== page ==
Really fascinating article about how many cities and communities in Greece have already moved on from the euro to bartering as well as alternative currencies. The city of Volos, 200 miles north of Athens with a population of 170,000 is highlighted in the article due to the size of its alternative money market centered around a local currency call the Tem. This sort of behavior will be the wave of the future in all countries, as Central Bank currencies are debased into extinction. It’s interesting because while I was in Crested Butte over New Year’s I noticed they have a local currency going there called Crested Butte Bucks and I was really surprised to see that you can spend them pretty much anywhere in town. I also highlighted this trend in my post earlier this year English City of Bristol Launches its Own Local Currency.
Now, from the Guardian:
It’s been a busy day at the market in downtown Volos. Angeliki Ioanitou has sold a decent quantity of olive oil and soap, while her friend Maria has done good business with her fresh pies.
But not a single euro has changed hands.
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My Two Cents: Fascinating article here. It seems the semi-underground Greek gold market is booming and expanding at such a rapid pace the authorities have no idea what to do about it. This is what I expect to happen in all countries as they experience collapse one by one and the people themselves gradually move to their own barter system/gold standard.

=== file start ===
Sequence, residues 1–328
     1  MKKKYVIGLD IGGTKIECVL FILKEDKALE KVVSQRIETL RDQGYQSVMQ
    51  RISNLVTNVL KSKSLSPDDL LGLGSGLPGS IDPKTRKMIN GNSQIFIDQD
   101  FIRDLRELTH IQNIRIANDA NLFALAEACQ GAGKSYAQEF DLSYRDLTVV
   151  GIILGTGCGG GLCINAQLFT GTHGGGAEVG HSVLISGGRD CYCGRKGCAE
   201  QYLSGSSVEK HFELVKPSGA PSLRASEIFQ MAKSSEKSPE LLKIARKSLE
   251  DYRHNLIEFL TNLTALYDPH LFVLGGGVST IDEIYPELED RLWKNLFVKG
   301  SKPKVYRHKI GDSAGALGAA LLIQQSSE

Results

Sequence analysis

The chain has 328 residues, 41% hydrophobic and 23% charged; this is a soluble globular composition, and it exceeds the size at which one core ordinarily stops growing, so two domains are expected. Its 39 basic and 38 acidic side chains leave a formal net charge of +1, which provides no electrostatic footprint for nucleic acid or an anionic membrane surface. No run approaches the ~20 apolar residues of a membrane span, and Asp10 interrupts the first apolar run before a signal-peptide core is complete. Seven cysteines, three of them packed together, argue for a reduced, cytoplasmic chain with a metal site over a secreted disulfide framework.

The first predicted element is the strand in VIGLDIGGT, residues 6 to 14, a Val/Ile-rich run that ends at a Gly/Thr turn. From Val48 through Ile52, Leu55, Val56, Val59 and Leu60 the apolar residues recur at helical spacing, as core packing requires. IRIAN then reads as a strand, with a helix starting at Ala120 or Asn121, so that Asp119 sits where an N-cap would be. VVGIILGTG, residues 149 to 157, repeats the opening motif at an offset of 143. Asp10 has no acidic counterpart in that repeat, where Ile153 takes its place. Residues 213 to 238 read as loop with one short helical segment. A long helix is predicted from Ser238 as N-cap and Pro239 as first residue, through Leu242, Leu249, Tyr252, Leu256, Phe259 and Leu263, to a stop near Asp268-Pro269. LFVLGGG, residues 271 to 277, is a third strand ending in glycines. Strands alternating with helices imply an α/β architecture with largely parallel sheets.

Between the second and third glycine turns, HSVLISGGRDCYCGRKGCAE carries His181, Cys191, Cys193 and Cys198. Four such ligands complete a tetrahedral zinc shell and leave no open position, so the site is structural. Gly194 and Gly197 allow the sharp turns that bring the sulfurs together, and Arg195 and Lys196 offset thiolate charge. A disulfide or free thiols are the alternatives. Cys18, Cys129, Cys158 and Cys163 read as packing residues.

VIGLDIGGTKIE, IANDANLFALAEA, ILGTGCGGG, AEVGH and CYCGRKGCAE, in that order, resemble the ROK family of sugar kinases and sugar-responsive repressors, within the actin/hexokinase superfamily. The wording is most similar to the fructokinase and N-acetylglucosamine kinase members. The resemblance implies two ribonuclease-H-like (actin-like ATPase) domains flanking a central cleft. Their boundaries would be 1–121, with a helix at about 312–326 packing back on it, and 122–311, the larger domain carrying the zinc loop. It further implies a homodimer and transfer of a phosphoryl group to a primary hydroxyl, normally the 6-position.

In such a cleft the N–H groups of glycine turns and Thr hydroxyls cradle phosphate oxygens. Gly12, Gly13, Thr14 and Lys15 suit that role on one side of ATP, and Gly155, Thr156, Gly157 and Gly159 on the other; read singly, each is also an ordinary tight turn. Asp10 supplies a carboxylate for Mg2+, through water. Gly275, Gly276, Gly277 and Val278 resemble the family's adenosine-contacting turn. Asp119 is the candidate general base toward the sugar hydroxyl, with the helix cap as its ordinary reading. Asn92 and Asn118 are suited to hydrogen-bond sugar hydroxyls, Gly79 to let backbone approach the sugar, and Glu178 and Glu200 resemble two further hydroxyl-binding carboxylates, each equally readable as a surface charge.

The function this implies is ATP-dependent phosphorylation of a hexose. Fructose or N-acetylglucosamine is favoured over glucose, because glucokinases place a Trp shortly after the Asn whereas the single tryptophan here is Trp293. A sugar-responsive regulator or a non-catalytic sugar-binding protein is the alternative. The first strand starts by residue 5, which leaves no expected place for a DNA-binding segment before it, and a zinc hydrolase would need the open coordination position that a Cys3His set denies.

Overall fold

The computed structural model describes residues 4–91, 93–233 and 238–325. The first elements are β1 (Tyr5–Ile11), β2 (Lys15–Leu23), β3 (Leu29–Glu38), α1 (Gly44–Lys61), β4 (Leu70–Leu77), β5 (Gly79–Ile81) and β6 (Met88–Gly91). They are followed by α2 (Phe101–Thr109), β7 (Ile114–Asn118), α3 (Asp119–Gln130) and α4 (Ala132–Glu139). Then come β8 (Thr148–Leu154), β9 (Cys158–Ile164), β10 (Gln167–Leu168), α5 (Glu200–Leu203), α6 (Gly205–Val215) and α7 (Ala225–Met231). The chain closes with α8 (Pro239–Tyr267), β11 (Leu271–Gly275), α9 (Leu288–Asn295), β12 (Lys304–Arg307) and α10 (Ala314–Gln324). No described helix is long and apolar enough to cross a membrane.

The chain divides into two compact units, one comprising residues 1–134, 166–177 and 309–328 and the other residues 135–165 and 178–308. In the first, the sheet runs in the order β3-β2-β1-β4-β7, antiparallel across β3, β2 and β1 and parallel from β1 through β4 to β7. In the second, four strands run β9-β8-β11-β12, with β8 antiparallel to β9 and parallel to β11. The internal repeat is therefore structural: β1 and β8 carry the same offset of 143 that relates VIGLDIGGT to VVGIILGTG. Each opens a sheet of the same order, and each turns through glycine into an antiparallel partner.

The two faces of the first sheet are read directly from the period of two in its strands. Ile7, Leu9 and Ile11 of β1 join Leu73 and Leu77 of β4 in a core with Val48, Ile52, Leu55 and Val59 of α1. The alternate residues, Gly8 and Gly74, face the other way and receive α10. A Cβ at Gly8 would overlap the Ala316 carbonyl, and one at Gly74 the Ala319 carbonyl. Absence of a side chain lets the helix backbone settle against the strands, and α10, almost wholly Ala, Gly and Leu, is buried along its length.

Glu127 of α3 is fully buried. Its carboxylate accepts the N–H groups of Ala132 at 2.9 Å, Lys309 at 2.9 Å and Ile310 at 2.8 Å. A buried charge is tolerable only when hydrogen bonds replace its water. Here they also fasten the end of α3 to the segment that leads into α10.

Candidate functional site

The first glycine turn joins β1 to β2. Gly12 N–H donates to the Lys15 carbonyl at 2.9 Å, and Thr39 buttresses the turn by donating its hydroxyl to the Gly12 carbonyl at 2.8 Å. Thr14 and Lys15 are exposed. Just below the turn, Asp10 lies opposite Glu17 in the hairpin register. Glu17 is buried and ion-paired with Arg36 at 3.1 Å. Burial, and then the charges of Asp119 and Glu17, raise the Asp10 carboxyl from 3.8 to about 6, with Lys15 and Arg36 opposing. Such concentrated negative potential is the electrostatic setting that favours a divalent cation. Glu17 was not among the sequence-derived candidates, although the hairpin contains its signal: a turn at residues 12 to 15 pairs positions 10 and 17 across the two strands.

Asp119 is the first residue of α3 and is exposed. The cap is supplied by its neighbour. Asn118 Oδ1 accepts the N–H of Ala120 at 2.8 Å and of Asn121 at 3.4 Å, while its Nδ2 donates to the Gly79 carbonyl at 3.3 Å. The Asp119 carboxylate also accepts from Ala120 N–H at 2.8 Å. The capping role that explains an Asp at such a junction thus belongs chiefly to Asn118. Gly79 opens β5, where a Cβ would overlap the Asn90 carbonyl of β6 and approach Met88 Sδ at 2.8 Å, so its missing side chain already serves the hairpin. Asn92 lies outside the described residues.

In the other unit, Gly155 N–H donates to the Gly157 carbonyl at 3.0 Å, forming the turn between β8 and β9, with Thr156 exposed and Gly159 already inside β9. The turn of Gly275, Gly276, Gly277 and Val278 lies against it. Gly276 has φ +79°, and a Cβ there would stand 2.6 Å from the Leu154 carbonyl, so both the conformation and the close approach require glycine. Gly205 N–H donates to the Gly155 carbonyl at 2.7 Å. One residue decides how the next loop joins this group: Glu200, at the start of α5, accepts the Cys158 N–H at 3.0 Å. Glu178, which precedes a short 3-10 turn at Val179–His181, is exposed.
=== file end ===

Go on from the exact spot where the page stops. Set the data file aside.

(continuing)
Some key quotes: “Even so, the number of licenses issued by the police in recent years in no way justifies the number of stores that are operating in the country, with a recent survey showing that in Attica alone there are currently more than 4,500 establishments trading in gold.”
“Meanwhile, police reports are increasingly featuring cases of large shipments of gold and silver being intercepted as they leave Greece for other countries without being accompanied by the proper documentation.” (Hmmm…I wonder if Central Bank gold is part of those large shipments!)
Gold trade in financial squad cross hairs
By Evgenia Tzortzi
The hundreds of gold traders and pawn shops that have sprung up across Greece over the past three or four years are rapidly making it into the police’s crime bulletins on an almost daily basis.
Behind many of the garish store signs advertising “I buy gold,” found on almost every main street in every neighborhood in the country, what is abundantly clear is that laws and regulations stay at the door, as authorities in Greece find themselves stymied by the massive trade in gold and unable to get a grip on the number of such stores that are cropping up or the manner in which they go into business.
Read more here